> for (iter=_pixelPoints.begin(); iter!=_pixelPoints.end();
    > iter++)
    > delete iter;
    >}
    >
    > void Char::addPoint(int x, int y) {
    > _pixelPoints.push_back(*( new Point(x,y) ));
    >}
    >
    > std::vector<Point>& const Char::getPixelPoints() {
    > return _pixelPoints;
    >}
    >
    >
    >
    Stefan Pantos, May 20, 2004
    #10
  11. "Stefan Pantos" <> wrote in message
    news:...
    > I'm not sure that you understand what happens when you add something to
    > a vector. The vector contructs a copy of the object you pass it and
    > stores this copy. This is why you do not need to delete what you have
    > added.
    >
    > This might seem like it will be slow and well it could be. To get around
    > this you could store a vector of pointers vector<Point*> now it will
    > make a copy of your pointer not the object. Now you would have to delete
    > what you have added to your vector.
    >


    Seems unlikely in this case. Presumably Point is some small class (two ints
    perhaps). Dynamically allocating a large number of small objects is a
    notorious inefficiency. By constrast copying small objects is going to be
    much more efficient.

    If you had a very large object, then the cost of copying might exceed the
    cost of allocating it, but even in that case you would normally use a smart
    pointer rather than a raw pointer.

    john
    John Harrison, May 20, 2004
    #11
  12. cppaddict

    cppaddict Guest

    >I'm curious as to what led you to use new at all. After all there are no
    >pointers in your code, so why did you consider using new?
    >
    >Seems to be happening a lot lately so I'm interested in what makes new and
    >delete (and pointers generally) so attractive to newbies. Maybe you can
    >explain.


    Thank you all for the clarification.

    John,

    To answer your question, my erroneous thought process was simply this:
    Since the number of Points in a Char object varies, that means the
    memory must be dynamically allocated at runtime, and therefore that
    means I will have to use the new operator. Or, to break it down:

    Don't know how many Points are in a Char //step 1 in my reasoning
    implies==>dynamic allocation //step 2
    imples==> use new operator //step 3

    Correct me if I'm wrong, but looking back at the code now it seems to
    me that my logical error was in step 2.

    There was an additional consideration too, which someone else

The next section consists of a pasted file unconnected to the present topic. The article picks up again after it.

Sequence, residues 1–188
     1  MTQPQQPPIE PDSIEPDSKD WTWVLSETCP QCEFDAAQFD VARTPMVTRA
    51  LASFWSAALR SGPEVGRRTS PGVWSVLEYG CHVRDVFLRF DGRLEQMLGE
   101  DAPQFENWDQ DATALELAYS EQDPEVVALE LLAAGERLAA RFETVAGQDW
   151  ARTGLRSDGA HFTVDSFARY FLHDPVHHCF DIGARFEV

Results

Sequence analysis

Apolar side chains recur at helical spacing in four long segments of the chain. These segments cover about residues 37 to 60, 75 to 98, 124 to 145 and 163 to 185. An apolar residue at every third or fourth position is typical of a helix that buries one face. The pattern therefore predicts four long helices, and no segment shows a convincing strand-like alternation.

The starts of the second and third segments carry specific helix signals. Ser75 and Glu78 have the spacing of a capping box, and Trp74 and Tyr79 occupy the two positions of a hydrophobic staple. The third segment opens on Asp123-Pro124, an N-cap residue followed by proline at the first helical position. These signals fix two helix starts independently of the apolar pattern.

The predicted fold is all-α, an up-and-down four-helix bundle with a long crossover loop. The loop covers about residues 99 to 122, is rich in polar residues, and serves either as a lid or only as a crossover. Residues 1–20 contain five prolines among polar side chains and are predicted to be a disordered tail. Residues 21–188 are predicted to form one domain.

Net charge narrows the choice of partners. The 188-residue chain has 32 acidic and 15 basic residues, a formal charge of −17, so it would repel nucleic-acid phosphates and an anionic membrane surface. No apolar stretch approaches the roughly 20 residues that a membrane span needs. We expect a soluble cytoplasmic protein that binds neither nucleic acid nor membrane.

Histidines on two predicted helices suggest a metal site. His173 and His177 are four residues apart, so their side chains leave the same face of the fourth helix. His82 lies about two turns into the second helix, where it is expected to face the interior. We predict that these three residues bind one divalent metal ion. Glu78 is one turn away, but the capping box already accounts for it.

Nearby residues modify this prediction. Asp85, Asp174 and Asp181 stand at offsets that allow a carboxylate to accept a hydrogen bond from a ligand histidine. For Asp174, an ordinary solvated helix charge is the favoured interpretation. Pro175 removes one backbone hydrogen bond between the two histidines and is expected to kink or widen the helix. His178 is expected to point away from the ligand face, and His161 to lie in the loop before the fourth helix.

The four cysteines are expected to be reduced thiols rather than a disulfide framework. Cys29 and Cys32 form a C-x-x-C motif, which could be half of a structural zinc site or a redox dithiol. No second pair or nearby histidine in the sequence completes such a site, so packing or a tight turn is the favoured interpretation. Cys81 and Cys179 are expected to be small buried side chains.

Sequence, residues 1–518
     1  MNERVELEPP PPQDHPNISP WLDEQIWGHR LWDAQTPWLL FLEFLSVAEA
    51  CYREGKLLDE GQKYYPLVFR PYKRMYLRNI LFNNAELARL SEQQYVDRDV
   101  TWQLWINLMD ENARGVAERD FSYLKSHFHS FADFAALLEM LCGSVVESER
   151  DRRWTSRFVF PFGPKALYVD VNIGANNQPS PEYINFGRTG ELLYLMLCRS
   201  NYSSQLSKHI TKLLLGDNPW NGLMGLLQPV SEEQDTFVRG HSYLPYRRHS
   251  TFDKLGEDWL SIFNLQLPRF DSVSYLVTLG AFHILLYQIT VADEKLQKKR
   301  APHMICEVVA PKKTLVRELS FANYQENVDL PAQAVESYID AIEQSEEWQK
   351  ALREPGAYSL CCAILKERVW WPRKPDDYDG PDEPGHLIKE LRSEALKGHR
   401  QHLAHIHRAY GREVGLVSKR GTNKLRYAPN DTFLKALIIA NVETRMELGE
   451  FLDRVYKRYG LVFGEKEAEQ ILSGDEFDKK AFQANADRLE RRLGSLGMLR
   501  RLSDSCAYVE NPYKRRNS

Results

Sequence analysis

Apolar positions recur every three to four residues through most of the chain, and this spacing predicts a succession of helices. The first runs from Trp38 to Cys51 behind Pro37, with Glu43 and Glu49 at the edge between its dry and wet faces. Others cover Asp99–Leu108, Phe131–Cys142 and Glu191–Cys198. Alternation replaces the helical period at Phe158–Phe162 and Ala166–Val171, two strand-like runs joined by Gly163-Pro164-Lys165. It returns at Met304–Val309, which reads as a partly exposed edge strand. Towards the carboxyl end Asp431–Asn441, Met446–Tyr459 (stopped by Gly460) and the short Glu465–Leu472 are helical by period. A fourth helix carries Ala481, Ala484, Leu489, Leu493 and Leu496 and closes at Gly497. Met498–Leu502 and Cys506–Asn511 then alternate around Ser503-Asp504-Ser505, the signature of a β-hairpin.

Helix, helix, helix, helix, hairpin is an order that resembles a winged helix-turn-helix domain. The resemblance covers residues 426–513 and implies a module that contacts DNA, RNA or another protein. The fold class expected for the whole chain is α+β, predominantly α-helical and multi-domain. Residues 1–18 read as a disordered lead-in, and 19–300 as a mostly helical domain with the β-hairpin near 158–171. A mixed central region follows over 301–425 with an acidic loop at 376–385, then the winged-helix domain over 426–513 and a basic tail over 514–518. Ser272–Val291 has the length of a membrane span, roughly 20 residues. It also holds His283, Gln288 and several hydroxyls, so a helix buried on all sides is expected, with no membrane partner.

mentioned, and which you can't see from the posted code, which I
    simplified in order to give focus to my question. That additional
    consideraton was my belief that the cost of copying an object (even a
    small one) was more than the cost of dynamic allocation -- indeed, I
    was not aware that dynamic allocation had a high cost at all.

    Originally, the signature of addPoint() looked like this:

    void addPoint(Point& const);

    Thus I believed that I was efficiently creating a new Point object, as
    well as avoiding any overhead involved in copying an object (since I
    was passing by reference). Please let me know if there are additional
    logical erros in THAT statement.

    Finally, you mention that even if the Point object was large, it would
    be better to use smart pointers rather than to store a vector of
    pointers which you delete yourself. Why is this so? Wouldn't the
    cost of those things be the same?

    Thanks again,
    cpp
    cppaddict, May 20, 2004
    #12
  13. cppaddict

    Howard Guest

    >
    > That works but why?? Needless use of new, inefficient and error prone.
    >
    > _pixelPoints.push_back(Point(x,y));
    >
    > What's so hard about the above that newbies fail to use it?
    >


    I think it might be that this looks like a direct call to a class'
    constructor, which they are told is not allowed. In reality it's the
    construction of a temporary object, and that object is then copied by the
    push_back function, and the temporary destroyed. (Although I think the
    compiler is allowed to omit the temporary I think, and directly initialize
    the copy used by push_back...right?)

    In any case, new C++ coders are taught, in general, that there are only two
    ways to construct an object. One is using a simple "static" declaration, as